This court held that the tax under the law of Pennsylvania could not be sustained, as to permit its deduction from the coupons held by the plaintiff would be giving effect to the acts of her legislature upon property and effects lying beyond her jurisdiction. The reasoning by which the learned justice, who delivered the opinion of the court, reached this conclusion, may be open, perhaps, to some criticism. It is not perceived how the fact that the mortgage given for the security of the bonds in that case covered that portion of the road which extended into Maryland could affect the liability of the bonds to taxation. If the entire road upon which the mortgage was given had been in another State, and the bonds had been held by a resident of Pennsylvania, they would have been taxable under her laws in that State. It was the fact that the bonds were held by a non-resident which justified the language used, that to permit a deduction of the tax from the interest would be giving effect to the laws of Pennsylvania upon property beyond her jurisdiction, and not the fact assigned by the learned justice. The decision is, nevertheless, authority for the doctrine that property lying beyond the jurisdiction of the State is not a subject upon which her taxing power can be legitimately exercised. Indeed, it would seem that no adjudication should be necessary to establish so obvious a proposition.
The power of taxation, however vast in its character and searching in its extent, is necessarily limited to subjects within the jurisdiction of the State. These subjects are persons, property, and business. Whatever form taxation may assume, whether as duties, imposts, excises, or licenses, it must relate to one of these subjects. It is not possible to conceive of any other, though as applied to them, the taxation may be exercised in a great variety of ways. It may touch property in every shape, in its natural condition, in its manufactured form, and in its various transmutations. And the amount of the taxation may be determined by the value of the property, or its use, or its capacity, or its productiveness. It may touch business in the almost infinite forms in which it is conducted, in professions, in commerce, in manufactures, and in transportation. Unless restrained by provisions of the Federal Constitution, the power of the State as to the mode, form, and extent of taxation is unlimited, where the subjects to which it applies are within her jurisdiction.
Corporations may be taxed, like natural persons, upon their property and business. But debts owing by corporations, like debts owing by individuals, are not property of the debtors in any sense; they are obligations of the debtors, and only possess value in the hands of the creditors. With them they are property, and in their hands they may be taxed. To call debts property of the debtors is simply to misuse terms. All the property there can be in the nature of things in debts of corporations, belongs to the creditors, to whom they are payable, and follows their domicile, wherever that may be. Their debts can have no locality separate from the parties to whom they are due. This principle might be stated in many different ways, and supported by citations from numerous adjudications, but no number of authorities, and no forms of expression could add anything to its obvious truth, which is recognized upon its simple statement.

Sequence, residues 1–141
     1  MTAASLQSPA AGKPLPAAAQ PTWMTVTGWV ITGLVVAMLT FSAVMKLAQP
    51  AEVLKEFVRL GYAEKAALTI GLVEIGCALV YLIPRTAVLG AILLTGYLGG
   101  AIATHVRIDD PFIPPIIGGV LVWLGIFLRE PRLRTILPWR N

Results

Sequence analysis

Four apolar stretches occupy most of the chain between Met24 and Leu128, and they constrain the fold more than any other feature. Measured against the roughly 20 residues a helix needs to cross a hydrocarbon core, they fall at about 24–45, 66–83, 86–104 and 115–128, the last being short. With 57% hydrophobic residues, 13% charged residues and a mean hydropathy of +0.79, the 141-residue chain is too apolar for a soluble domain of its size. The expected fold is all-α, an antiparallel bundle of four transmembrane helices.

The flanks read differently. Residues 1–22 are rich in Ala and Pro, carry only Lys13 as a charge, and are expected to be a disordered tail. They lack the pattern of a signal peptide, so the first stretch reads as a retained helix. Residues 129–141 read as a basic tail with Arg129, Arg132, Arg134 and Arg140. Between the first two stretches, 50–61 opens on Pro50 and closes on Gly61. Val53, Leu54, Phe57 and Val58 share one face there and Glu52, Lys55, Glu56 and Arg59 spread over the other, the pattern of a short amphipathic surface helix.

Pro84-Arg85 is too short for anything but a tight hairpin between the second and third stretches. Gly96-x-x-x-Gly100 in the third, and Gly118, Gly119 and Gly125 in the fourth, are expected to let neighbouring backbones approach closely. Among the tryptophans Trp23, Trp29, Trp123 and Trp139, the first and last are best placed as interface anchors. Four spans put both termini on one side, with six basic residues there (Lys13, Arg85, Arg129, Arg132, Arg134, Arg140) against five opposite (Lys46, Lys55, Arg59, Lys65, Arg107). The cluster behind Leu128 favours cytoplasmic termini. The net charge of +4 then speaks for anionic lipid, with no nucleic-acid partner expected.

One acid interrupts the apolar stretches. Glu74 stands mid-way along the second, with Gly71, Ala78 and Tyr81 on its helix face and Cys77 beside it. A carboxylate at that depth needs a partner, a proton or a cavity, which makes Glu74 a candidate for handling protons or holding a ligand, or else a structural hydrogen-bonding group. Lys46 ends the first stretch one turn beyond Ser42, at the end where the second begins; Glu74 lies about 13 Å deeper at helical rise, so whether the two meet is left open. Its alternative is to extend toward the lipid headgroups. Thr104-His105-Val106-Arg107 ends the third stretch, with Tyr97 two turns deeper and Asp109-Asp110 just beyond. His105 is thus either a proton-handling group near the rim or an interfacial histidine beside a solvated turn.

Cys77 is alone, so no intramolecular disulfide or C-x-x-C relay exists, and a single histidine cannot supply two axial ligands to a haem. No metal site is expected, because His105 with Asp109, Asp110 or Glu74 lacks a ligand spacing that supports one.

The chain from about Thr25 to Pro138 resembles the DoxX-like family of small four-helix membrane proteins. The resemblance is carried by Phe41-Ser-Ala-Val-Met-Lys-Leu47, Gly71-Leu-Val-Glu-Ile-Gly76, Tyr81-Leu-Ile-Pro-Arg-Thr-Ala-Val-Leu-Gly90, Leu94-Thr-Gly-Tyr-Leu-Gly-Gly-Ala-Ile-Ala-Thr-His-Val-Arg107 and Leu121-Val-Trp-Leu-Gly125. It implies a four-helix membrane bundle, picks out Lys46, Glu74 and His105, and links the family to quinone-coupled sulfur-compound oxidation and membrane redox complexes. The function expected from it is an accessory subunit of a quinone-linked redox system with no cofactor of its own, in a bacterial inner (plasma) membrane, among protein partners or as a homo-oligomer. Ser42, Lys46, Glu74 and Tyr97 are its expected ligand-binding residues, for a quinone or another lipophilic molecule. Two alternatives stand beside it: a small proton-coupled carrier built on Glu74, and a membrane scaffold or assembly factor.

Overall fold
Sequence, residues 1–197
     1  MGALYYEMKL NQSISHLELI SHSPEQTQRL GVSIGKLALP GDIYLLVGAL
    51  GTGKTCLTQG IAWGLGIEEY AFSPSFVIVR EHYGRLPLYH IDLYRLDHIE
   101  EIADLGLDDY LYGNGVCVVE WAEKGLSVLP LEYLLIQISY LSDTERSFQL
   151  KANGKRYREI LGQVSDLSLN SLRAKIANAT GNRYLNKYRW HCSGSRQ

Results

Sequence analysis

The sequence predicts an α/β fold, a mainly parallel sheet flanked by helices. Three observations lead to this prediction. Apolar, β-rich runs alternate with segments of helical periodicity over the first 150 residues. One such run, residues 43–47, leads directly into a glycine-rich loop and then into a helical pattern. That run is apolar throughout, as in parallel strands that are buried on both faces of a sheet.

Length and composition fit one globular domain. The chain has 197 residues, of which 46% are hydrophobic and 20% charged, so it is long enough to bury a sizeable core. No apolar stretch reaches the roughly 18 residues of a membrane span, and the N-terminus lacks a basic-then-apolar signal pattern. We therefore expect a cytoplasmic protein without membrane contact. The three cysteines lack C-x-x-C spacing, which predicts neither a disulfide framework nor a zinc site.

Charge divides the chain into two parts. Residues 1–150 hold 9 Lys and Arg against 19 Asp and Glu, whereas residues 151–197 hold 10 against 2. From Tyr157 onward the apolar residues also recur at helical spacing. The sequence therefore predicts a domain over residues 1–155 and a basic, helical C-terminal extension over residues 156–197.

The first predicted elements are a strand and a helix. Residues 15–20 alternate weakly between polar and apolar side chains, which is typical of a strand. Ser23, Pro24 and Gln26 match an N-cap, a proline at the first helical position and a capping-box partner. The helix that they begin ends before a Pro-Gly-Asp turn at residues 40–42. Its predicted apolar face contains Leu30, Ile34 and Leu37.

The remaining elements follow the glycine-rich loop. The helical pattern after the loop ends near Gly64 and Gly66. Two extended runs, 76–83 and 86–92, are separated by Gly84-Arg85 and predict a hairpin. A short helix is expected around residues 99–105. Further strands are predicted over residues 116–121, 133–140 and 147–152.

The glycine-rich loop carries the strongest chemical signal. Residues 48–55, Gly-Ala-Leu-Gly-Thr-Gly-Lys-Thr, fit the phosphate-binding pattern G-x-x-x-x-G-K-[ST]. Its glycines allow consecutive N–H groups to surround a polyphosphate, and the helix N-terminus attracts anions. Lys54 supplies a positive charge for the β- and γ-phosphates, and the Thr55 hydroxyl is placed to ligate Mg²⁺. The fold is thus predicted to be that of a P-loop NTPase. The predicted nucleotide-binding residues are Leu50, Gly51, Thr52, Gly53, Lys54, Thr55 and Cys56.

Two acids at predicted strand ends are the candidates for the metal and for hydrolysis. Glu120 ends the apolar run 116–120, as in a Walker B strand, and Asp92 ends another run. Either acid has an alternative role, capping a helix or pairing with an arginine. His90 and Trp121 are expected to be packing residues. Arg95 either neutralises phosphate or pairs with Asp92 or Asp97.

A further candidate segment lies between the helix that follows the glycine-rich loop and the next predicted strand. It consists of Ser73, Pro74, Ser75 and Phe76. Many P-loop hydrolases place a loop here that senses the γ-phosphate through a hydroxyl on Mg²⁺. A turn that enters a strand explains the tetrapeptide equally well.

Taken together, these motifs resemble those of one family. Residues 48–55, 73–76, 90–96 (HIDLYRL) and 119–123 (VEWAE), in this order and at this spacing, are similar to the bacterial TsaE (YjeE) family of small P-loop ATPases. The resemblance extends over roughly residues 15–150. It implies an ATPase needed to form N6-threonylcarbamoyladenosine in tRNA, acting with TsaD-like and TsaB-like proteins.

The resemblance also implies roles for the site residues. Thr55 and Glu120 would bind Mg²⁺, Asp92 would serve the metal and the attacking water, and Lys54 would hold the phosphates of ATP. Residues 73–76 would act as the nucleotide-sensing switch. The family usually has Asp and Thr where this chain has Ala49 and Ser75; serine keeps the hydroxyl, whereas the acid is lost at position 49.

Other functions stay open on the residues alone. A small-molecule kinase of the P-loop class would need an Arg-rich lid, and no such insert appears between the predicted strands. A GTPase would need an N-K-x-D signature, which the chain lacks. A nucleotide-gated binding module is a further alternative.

The bonds issued by the railroad company in this case are undoubtedly property, but property in the hands of the holders, not property of the obligors. So far as they are held by non-residents of the State, they are property beyond the jurisdiction of the State. The law which requires the treasurer of the company to retain five per cent. of the interest due to the non-resident bondholder is not, therefore, a legitimate exercise of the taxing power. It is a law which interferes between the company and the bondholder, and under the pretence of levying a tax commands the company to withhold a portion of the stipulated interest and pay it over to the State. It is a law which thus impairs the obligation of the contract between the parties. The obligation of a contract depends upon its terms and the means which the law in existence at the time affords for its enforcement. A law which alters the terms of a contract by imposing new conditions, or dispensing with those expressed, is a law which impairs its obligation, for, as stated on another occasion, such a law relieves the parties from the moral duty of performing the original stipulations of the contract, and it prevents their legal enforcement. The Act of Pennsylvania of May 1st, 1868, falls within this description. It directs the treasurer of every incorporated company to retain from the interest stipulated to its bondholders five per cent. upon every dollar and pay it into the treasury of the Commonwealth. It thus sanctions and commands a disregard of the express provisions of the contracts between the company and its creditors. It is only one of many cases where, under the name of taxation, an oppressive exaction is made without constitutional warrant, amounting to little less than an arbitrary seizure of private property. It is, in fact, a forced contribution levied upon property held in other States, where it is subjected, or may be subjected, to taxation upon an estimate of its full value.